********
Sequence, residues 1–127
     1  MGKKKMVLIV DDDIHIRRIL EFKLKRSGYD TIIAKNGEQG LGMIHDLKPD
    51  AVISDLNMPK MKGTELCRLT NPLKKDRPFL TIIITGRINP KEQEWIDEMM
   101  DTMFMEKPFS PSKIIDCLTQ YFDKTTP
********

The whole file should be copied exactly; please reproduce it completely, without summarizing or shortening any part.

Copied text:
Sequence, residues 1–127
     1  MGKKKMVLIV DDDIHIRRIL EFKLKRSGYD TIIAKNGEQG LGMIHDLKPD
    51  AVISDLNMPK MKGTELCRLT NPLKKDRPFL TIIITGRINP KEQEWIDEMM
   101  DTMFMEKPFS PSKIIDCLTQ YFDKTTP